The electrical circuitry which effects the signal processing shown in FIG. 4 are illustrated in FIG. 5. The proper output of series-connected light emitting diodes 18 (CR3 and CR4) is established by resistor R1, which in the preferred embodiment has a value of 110 ohms. Located within the drop detector housing itself will be the components contained with dashed line 34 in FIG. 5. Specifically, light emitting diodes 18 (CR3 and CR4) and phototransistors 20 (Q2 and Q3). It has been found that selecting light emitting diodes (CR3 and CR4) which have a beam angle of about 50° will provide sufficient light coverage for the interior 62 of housing 50. In the preferred embodiments light emitting diodes bearing part No. TIL-38 and manufactured by Texas Instruments are employed.
Series-connected phototransistors 20 (Q2 and Q3) are selected so that they will conduct electricity in an amount directly proportional to the light energy which falls upon their surface. Q2 and Q3 are connected in reversed bias, zener mode, to increase their resistance change with varying light intensity and thus produce a greater output voltage than they would if connected in forward bias mode. In low ambient light conditions a drop falling through the light beam produced by light emitting diodes 18 will cause a shadow to pass over either or both phototransistors 20 (Q2 or Q3). The shadow will cause the conductivity of phototransistor 20 (Q2 and Q3) to decrease. This decrease in conductivity will cause a positive voltage pulse to be produced by the phototransistors 20 (Q2 and Q3). The value of this positive voltage pulse 30 is tailored by R3 which, in the preferred embodiment, has been selected to have a value of 270 K ohms. Resistor R3 is in turn connected to a power supply which in the preferred embodiment has a value of 5 volts.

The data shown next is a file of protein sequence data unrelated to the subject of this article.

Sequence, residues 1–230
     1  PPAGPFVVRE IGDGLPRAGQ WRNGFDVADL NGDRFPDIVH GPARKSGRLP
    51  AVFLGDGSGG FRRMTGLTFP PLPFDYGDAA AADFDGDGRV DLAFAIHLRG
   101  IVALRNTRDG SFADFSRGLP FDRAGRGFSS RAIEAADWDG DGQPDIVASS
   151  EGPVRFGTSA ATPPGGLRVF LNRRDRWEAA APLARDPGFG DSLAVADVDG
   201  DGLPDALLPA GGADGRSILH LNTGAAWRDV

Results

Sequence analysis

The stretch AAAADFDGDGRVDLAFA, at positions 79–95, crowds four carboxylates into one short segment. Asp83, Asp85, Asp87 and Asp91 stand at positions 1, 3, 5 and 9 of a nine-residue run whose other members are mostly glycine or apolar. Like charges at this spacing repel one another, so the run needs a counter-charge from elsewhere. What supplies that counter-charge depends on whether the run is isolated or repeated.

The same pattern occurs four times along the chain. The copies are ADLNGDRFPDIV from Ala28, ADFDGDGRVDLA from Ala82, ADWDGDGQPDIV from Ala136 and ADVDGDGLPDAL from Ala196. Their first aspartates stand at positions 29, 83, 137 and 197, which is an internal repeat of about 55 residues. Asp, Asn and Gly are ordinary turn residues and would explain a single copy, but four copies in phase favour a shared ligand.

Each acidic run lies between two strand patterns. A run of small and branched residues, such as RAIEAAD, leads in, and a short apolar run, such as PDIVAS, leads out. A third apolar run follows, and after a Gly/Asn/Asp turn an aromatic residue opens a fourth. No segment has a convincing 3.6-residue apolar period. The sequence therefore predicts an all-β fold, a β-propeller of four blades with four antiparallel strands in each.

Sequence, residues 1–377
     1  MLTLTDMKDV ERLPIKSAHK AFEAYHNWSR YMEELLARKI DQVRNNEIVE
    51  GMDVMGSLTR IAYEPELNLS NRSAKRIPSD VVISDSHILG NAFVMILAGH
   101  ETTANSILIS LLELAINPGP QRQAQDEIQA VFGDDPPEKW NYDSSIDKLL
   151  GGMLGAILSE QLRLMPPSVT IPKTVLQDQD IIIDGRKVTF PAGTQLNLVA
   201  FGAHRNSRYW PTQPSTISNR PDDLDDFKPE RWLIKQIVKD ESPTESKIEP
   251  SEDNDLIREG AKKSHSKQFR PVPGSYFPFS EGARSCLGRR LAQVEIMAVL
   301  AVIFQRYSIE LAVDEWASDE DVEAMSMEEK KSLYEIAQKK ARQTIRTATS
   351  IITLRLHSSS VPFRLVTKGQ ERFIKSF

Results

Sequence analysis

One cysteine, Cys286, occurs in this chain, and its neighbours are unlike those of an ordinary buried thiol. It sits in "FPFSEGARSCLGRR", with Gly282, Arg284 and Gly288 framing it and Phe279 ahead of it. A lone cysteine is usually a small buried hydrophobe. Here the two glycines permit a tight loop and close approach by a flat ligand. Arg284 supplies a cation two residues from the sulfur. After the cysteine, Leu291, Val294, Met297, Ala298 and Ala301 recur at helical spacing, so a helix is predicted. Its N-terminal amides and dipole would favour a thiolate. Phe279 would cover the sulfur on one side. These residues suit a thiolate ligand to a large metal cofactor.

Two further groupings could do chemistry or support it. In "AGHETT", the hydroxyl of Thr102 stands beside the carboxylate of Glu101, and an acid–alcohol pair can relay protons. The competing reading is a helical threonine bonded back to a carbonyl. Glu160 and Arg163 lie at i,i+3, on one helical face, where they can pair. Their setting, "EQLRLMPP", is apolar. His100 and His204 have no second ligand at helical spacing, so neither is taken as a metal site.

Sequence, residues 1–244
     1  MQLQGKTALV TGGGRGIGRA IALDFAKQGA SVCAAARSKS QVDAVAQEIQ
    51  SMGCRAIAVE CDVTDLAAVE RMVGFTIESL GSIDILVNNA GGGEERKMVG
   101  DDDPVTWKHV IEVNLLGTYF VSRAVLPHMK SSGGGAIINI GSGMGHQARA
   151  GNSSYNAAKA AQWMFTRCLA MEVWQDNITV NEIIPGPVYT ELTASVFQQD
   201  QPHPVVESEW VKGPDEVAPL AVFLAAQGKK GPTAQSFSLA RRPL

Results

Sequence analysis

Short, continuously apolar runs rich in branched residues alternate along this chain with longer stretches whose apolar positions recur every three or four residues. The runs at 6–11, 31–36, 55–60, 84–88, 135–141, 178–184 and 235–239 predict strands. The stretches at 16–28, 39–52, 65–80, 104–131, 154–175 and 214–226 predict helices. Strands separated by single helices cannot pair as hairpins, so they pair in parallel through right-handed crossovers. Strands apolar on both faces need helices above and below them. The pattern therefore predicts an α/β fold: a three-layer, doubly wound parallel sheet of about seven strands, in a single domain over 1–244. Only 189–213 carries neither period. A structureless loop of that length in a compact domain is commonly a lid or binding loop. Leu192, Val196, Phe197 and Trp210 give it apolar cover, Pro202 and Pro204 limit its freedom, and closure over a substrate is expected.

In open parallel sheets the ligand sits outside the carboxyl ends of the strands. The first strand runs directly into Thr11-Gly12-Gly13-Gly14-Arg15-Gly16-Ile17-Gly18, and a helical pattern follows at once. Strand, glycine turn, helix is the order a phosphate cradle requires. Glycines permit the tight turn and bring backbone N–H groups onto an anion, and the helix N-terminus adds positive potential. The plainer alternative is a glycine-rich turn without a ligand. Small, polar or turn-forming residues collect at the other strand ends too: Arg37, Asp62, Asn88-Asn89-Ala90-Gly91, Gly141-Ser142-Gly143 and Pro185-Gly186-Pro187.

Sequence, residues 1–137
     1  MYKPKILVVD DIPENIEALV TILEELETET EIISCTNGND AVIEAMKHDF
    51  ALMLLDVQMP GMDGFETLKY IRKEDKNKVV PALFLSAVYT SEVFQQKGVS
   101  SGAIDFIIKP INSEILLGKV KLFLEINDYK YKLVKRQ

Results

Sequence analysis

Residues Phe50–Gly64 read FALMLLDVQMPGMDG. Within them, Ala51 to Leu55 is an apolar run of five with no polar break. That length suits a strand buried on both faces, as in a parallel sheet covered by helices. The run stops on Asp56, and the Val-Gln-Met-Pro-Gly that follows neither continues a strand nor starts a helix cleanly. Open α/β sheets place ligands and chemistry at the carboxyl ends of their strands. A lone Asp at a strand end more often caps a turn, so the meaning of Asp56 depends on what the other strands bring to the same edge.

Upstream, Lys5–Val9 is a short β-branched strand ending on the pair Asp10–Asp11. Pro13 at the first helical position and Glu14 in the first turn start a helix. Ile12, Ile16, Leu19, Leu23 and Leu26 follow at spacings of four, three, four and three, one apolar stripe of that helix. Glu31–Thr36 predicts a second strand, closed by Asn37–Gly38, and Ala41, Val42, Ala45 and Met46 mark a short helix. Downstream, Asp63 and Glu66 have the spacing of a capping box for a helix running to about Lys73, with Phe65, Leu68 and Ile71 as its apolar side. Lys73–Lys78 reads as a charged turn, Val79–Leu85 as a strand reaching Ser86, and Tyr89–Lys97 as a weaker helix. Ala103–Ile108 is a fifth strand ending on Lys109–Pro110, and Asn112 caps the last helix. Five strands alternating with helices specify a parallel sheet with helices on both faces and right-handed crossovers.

In high ambient light conditions, a different mode of operation takes place. Ambient light is reflected from the surface of the falling drop 28 (FIG. 3). This reflection causes an increase in the amount of light falling on one or both phototransistors 20 (Q2 or Q3). This increase in light energy falling on the surface of phototransistor 20 causes an increase in conductivity of phototransistors 20 (Q2 and Q3). The increased conductivity results in a negative voltage pulse being produced. As with the positive voltage pulse the negative voltage pulse is tailored by R3 before it is electrically conducted to integrator circuit 22. In the preferred embodiment phototransistors 20 bearing part No. TIL-414 manufactured by Texas Instruments are employed.